The young palliative-care doctor, a nice Jewish guy in glasses, prodded around my grandmother’s stomach and explained that the swelling wasn’t only a result of fluid. Some of it was …

Artwork by Shary Boyle

The young palliative-care doctor, a nice Jewish guy in glasses, prodded around my grandmother’s stomach and explained that the swelling wasn’t only a result of fluid. Some of it was disease. Disease had now infiltrated her kidneys and pancreas. He said that it was a very horrible disease, this disease, but everybody in the room—except my grandmother—already knew approximately how horrible it was. My grandmother said tank you to the doctor and repeated the word hoff several times. Her English wasn’t very good and I didn’t think the doctor’s Yiddish was good enough to understand that the word she incanted meant hope.

Outside, in the hall, the doctor said that it was useless for me to wait around. It could be a month or it could be less, but there was no sense in me cancelling my plane ticket. I thanked him and then returned to the living room to watch the second period of the hockey game. In the other room, I could hear my mother and aunt lying to my grandmother about what the doctor had said.

The same summer we were given the diagnosis, I had gone to the induction ceremony at the International Boxing Hall of Fame in Canastota, New York. This is where I was told to check in with Charley Davis, who was recovering from a stroke but still lived independently in his house in San Francisco. Not that anybody knew very much, they said, but if there was anyone who knew anything about Joe Choynski, that person would be Charley Davis.

Joe Choynski was being inducted into the Old Timers’ category that day. Chrysanthemum Joe, Little Joe, The Professor, The California Terror: he was known as the greatest heavyweight never to win a title by the handful of people who still remembered that he’d ever been around. He was America’s first great fighting Jew. He quoted Shakespeare in his correspondence. He was a friend to Negroes. Coolies on the San Francisco docks taught him to toughen his fists in pickle vats, which was why he never so much as chipped a bone—bare knuckle or gloved. Legend had it that he also invented the left hook.

From Los Angeles, I called to find out that my grandmother hadn’t had a proper stool in three days and that the enema produced only an insignificant pellet which took her an hour to pass. Afterwards, in her exhaustion, she wasn’t able to leave the bedroom until morning. I was told that my grandmother’s dentures—which I had personally dropped off before leaving town—could not be repaired and needed to be replaced, and that my aunt had agreed to pay whatever it cost since neither she nor anyone else was prepared to tell my grandmother that she wouldn’t be needing new teeth.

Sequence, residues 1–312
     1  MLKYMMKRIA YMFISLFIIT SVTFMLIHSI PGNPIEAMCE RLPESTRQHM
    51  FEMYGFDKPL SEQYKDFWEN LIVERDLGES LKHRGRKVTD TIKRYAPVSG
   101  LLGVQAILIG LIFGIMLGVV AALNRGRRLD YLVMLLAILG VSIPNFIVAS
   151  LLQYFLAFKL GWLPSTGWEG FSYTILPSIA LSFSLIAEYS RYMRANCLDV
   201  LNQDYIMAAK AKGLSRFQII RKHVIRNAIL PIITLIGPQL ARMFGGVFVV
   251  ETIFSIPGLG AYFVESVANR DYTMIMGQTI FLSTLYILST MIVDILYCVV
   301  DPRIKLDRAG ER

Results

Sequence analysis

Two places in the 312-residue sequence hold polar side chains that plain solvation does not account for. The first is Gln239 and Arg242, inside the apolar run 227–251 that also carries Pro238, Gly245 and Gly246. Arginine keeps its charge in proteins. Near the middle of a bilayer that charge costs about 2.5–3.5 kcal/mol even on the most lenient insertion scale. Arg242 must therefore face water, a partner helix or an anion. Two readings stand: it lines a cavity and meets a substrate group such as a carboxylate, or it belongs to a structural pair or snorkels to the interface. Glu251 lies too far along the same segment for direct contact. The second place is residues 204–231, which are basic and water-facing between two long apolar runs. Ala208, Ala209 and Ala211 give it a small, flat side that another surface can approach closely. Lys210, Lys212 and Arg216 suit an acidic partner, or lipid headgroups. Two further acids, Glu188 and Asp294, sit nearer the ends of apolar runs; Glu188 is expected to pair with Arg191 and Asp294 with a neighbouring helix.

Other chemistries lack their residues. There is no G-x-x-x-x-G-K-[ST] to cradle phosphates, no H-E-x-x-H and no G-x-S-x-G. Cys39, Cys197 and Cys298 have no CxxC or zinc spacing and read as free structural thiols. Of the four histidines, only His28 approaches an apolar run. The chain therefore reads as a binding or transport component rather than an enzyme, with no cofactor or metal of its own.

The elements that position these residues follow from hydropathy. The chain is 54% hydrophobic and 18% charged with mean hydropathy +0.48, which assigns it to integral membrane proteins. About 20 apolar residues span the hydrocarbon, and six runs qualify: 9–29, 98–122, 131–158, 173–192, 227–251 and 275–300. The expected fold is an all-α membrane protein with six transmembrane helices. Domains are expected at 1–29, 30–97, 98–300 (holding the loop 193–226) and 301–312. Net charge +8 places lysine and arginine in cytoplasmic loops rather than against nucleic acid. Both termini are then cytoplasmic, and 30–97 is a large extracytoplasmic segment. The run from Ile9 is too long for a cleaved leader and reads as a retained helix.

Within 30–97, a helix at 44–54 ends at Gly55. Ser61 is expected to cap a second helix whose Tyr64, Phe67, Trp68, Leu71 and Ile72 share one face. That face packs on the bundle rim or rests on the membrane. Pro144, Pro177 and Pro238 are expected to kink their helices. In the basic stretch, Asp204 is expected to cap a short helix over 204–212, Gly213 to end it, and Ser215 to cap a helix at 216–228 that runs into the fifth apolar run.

My aunt asked exactly where this God is, especially since my grandfather prays twice a day in synagogue. And my grandmother said that God will help, that the shark cartilage will help, that the naturopathic professor will help, that it just takes time before the good cells start fighting the bad cells inside there.

Charley Davis lived in South San Francisco not far from 3Com Park. Back when 3Com Park was Candlestick Park, Charley Davis covered the Giants and the fights for the San Francisco Chronicle. His house was half a mile from the highway and set high on a street of identical houses. Charley let me in and asked me to follow him into the living room. He was wearing blue pajamas under a faded brown robe. He dragged his left leg and his left arm hung as rigid as a penguin’s flipper. His house was covered in old fight posters displaying pictures of guys I recognized and would have traded lives with, even though they were already dead. As Charley inched into his armchair and tried to organize his limbs, I concentrated on a framed shot of the Johnson-Jeffries fight.

When he was settled, I sat down on the couch across from him and told him that I was stuck with my Choynski research. I pronounced the name the way he had taught me over the phone: Cohen-ski. He asked me if I figured I could identify Choynski in one of the pictures at the Johnson-Jeffries fight. Choynski had worked Jeffries’ corner for that Great White Hope fight in Reno. After I passed that test, we went through our collective Choynski information.

“He was a candy puller.”


“Do you know what that is? ”

“Not really.”

“Me neither.”

“He was a blacksmith before he was a candypuller.”

“He fought out of the California Club when he met Corbett on the barge.”

“When he worked in the candy factory, he trained at the Golden Gate Club.”

“His father was a publisher. Some Jewish paper.”

“He had his own later, Public Opinion. Isadore N. Choynski. He had a bookstore. He graduated from Yale.”

“His mother didn’t like him boxing.”

“He wore his hair long and got into plenty of fights on the docks.”

“He lost those two fights to Goddard in Australia.”

“He taught Jack Johnson what he needed to know to become champion when they spent a month in a Galveston jail in 1901.”